Warning: session_name(): Cannot change session name when session is active in /homepages/31/d248555912/htdocs/MingaBlog/wp-content/themes/uncode/functions.php on line 14 To Love a Mockingbird – Pedals and Seeds
Trees are so green. Still. I love the lingering days mid-October, the temperature drops one degree lower each day. Slowly, so slowly the dahlias and sunflowers descend into a frosted land. Summer grips us tighter this year. Its talons hold on fiercely even as its fire fades. Do I love summer more than I fear winter? Once Bar St. John said that she harbored a hate towards mockingbirds. How very absurd. I was baffled beyond belief that Bar would say that. This clear woman was loved by Quakers. She played the harp and loved the world until the butterflies ate out of her hand. Could she even harbor a drop of hate. She detested mockingbirds because they were pilfering off others. She begrudged their chasing off smaller songbirds. She thought their sound was obnoxious, copying other birds without singing their own song.
She said, “I realized that my dislike was not changing the mockingbird at all. Humans have little effect on the cares of this bird. We aren’t that important. So any hate that I have prevents me from loving.” One morning she woke up happy to be back in her own bed. She heard a familiar cacophony. Barb had been visiting a sick person out of town. It was a symphony of beauty. She knew the birdsong of cardinals and mourning doves and the twittering of sparrows. She heard the mockingbird. And she blessed it and welcomed it. Imitating the song of others could be useful. Music composers borrowed a phrase of music often and added their own style to it. Bar was sure mockingbirds were loved by God. The birds were on earth for a purpose and her hate was only corrosive to herself.
Was Bar, a seer, giving me instruction in that preposterous task to love your enemy?’ Wasn’t she talking about the mundane? Changing your attitude about an annoying bird is like shaking off a creepy fear of a dark room. Or how we get used to the clicking of the electric heater. Or deciding that we can mop up a child’s vomit and it won’t kill us. Or is changing an old assumption about mockingbirds as pests rather sublime? I mean, think about it. This is not a simple task. Hate comes in many shrouds and we need to unveil them. I hate the Tea Party movement. I hate the military generals who derail world peace. I hate garbage, I hate pale green, I hate sleet in November. You get the picture. But what good does any of that feeling do? Anger is energizing: and hate? Hate is destructive.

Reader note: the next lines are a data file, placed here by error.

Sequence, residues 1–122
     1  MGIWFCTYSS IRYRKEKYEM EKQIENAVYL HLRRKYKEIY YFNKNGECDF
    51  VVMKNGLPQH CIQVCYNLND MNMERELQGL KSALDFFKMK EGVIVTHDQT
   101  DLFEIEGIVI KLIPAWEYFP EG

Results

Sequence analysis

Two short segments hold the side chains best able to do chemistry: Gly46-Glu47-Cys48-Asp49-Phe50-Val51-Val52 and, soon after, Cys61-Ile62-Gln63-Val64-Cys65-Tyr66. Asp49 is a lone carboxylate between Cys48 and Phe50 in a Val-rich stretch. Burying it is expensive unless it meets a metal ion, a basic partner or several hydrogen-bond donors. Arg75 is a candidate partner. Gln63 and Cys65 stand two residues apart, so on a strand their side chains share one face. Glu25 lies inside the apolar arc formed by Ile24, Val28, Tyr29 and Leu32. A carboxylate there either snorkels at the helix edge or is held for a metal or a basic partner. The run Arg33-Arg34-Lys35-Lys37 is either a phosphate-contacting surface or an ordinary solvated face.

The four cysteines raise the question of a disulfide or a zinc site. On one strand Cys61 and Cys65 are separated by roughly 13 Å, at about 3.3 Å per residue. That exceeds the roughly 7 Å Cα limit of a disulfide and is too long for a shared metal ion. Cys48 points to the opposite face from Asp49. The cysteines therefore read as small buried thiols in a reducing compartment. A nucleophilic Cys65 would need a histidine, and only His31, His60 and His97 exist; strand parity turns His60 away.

Loving your best friend is as hard as loving your enemy. It’s just when I consider loving someone who has hurt me, I slam into my sense of personal integrity. Such love often unloosens my grip of self-preservation. I spend more time licking my wounds than pouring a drink for my enemy. I spend more time hesitating and building my case than walking over to the other side. Xenophobia is so limiting. It’s so inside the box. It’s so retro. Fear of mockingbirds, or of another person is worse than retro. Fear is so Jurassic Age; it’s at least 2 millennium old.
Yes, the mockingbird has a song that I can learn to love. I can only surmise how Jesus went about â€˜loving your enemy.’ I can only imagine what that Quaker lioness Margaret Fell meant when she claims, “We [Friends] do deny and bear our testimony against all strife, wars, and contentions that come from the lusts that war in the members, and that war against the soul.” (letter to King Charles 1660). I’m guessing that Fell is saying that when I participate in war on the outside, my soul is also at war. Isn’t the US in a state of endless war? I am a small mammal, trying to learn heavenly ways. We Quakers sign onto a peace testimony but our practice flounders. Quakers commit to peace, and the path is muddy with hidden sand traps. I’ve dedicated my life to learning how to treat others with respect. That is a stepping stone to loving others. Have I learned how to treat others? Golly. I’m as good at making peace as a cat swimming against the tide.
And I laugh at Colbert’s March to Keep Fear alive at the Washington Monument on Oct 30th. but I don’t have anything against the Rally to Restore Sanity. Does Jon Stewart want to clean out the destructive forces in our political ruckus? Doesn’t he want to create an attitude change to political mockingbirds? Humor does open doors for peace to happen.
I love Bar St. John even though she died 10 years ago. Love will conquer fear. I will dwell in the house of love with friends. I will work on the seeds of hate inside me. And when I am called I’ll venture into loving my enemies. We are all called to do this. I just hope I only have to do it until I can a full-time job. Like I can’t love my enemies all the time, can I? Maybe just every election day.